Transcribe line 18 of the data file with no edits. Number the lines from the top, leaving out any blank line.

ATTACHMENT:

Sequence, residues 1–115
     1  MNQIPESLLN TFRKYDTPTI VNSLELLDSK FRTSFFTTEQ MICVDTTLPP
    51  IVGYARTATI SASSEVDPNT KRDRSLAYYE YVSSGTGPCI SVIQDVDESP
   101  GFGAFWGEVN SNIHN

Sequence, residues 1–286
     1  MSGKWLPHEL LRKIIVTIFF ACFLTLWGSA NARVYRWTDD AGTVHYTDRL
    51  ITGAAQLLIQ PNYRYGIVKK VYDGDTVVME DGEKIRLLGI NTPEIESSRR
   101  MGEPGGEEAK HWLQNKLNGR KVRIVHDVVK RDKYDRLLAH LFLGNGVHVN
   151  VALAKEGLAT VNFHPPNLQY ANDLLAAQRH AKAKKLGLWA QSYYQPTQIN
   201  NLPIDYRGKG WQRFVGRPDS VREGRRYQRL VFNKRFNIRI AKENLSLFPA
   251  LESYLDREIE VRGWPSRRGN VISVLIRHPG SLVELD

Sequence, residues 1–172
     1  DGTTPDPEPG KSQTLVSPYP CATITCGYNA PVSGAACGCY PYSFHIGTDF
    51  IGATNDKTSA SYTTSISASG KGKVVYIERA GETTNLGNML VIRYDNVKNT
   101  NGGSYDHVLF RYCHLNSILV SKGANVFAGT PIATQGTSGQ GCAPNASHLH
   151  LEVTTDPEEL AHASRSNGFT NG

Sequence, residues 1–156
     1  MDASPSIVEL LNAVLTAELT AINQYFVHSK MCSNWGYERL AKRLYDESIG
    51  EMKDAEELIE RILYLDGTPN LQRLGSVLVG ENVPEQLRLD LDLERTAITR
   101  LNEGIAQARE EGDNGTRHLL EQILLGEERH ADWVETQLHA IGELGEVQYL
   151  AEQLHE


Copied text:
     1  MDASPSIVEL LNAVLTAELT AINQYFVHSK MCSNWGYERL AKRLYDESIG